Guest post: Donna Buang took my mountain virginity
He’s only been cycling for six months, but the man they call the Donvale Demon is not shirking away from challenges. He’s already completed the 210km version of Around the Bay in a Day and now he’s training for the 3 Peaks Challenge in March. In this guest post, the Demon describes the challenge of climbing a mountain for the first time.
How did it feel climbing Donna Buang, my first mountain, at 1080 vertical metres? Painful. A bit like the mountain was riding me. It hurt in three separate ways:
After what felt like no time at all my legs were straining and shaking, my back, shoulders and arms hurting. And then I stopped. Less than a kilometre into the climb.
It could have been something to do with my pacing (I was riding with the Climbing Cyclist and trying to match his speed), my gearing, my fitness level, or a combination of all three.
I stopped. And not just once. Many times. The pattern went like this: I’d get my breath back and start climbing, pedaling as consistently as I could.
I’d feel good for a while and then, bang, I’d have to stop again. Immediately – like a bubble bursting. I reckon this happened 10 times at least, for a couple of minutes each pause: my head on the handlebars, my heart doing phat disco beats, sweat dripping off my body.
The compensation? Getting to the top felt good. So good I planted my face in the grass and lay there snorting mud, grinding the buttercups, coughing snot.
I’ve read in several places, and been told by cyclists I know, that a high percentage of climbing success comes from mental preparedness. As a some-time meditator with a black belt in serenity I thought I was prepared for Donna Buang. But I wasn’t – not really.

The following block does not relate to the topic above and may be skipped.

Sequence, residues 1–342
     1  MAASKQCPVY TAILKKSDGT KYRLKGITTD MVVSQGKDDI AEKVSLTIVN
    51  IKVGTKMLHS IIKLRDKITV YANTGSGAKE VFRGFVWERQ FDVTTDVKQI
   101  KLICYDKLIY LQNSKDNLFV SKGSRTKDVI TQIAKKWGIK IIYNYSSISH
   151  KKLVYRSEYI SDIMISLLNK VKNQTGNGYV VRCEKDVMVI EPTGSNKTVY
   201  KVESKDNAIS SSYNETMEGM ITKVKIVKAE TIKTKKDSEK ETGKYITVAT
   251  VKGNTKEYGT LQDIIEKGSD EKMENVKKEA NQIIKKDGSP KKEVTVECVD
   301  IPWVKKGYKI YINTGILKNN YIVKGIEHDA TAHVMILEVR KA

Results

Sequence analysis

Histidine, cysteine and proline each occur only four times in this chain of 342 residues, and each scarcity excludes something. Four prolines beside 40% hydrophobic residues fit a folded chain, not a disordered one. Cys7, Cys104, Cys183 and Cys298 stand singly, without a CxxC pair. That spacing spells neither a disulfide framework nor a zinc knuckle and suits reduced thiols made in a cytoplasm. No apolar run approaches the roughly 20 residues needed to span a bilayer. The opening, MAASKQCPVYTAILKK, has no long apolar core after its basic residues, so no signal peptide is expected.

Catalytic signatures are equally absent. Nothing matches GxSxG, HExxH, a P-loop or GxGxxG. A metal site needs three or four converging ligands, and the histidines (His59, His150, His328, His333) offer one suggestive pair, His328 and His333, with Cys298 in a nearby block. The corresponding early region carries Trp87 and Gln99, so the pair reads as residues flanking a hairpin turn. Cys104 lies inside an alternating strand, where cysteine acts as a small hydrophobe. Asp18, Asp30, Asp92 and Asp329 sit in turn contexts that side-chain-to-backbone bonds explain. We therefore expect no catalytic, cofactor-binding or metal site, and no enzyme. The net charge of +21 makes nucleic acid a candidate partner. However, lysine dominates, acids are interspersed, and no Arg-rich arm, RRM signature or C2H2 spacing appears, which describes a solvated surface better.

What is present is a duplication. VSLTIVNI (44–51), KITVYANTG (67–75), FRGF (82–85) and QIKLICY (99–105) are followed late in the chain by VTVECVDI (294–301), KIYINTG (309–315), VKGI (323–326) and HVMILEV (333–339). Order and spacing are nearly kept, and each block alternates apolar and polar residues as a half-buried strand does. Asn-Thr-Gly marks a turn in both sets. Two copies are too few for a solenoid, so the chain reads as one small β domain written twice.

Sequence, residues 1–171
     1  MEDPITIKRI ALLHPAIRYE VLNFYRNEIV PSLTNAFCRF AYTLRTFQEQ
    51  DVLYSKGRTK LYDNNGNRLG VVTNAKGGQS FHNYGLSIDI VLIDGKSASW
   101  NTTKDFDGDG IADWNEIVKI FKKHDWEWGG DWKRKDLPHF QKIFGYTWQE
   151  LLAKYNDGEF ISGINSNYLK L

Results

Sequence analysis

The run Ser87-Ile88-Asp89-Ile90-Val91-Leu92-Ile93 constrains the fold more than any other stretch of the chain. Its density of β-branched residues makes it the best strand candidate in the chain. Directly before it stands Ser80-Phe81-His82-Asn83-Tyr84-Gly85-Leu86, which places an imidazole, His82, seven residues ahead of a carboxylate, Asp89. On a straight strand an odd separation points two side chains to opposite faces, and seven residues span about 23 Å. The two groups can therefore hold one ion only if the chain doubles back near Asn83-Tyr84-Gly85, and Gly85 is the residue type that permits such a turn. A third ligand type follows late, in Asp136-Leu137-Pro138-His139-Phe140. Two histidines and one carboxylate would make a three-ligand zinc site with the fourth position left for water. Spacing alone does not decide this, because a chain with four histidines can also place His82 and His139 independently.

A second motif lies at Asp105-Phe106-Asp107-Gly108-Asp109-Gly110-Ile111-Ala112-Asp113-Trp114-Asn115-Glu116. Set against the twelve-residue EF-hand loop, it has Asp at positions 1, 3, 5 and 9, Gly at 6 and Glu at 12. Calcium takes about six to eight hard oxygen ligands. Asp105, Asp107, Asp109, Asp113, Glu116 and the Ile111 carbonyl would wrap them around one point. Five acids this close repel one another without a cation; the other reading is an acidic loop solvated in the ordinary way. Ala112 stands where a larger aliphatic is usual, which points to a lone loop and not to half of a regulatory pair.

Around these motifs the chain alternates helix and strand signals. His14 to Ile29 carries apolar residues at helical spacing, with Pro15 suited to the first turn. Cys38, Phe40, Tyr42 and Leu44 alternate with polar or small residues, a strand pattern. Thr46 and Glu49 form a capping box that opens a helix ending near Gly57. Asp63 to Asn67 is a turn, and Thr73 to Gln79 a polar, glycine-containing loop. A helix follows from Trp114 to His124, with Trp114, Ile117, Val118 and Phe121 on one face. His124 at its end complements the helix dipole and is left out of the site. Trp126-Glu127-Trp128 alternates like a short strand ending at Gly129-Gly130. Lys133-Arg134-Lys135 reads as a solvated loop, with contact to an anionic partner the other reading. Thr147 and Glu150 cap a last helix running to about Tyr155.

I was mentally strong only as long as there was a bend ahead and I could convince myself there might be a flat, even a false flat, just round the corner. When I turned to see another stretch of tarmac heading upwards, onwards, I crumbled – not every time, but often enough for it to be unsettling.
The consolation? Again, getting to the top felt good. I was starting to think I’d need to stop short of the summit. The temptation to do a u-ey and fly headlong into an early descent was, at times, nearly overwhelming. Not caving in was good for me in the end.
More than once when I had to stop suddenly I told the Climbing Cyclist, with what felt like my dying breath, to carry on without me. One of the only things more damaging to pride than the initial bruising is knowing someone else is there, pausing the Strava app on their phone, checking Facebook and munching a banana while you writhe about in deep physical and psychic distress [ed: my bad].
In response to my first post, a few people have suggested I pull the pin on 3 Peaks, that pretending to myself I can complete it is folly. No-one (I imagine) likes to be told this kind of thing. It brought back memories of being overlooked at football (soccer) trials at school and other little slights. It stung.
The ideal response from my point of view would have been to power up Donna Buang no-handies, in top gear, before descending and repeating the climb several times. That didn’t happen, by a long shot, and that hurt my pride.
The consolation? Yup – getting to the top felt good. Luckily, I don’t want to be the fastest on 3 Peaks. My goal is to finish it – to get myself and my pride over the summits.
I want to do this for me, of course, but also, on some level, for my boys, my family. That means a lot of work.
And I’m up for it.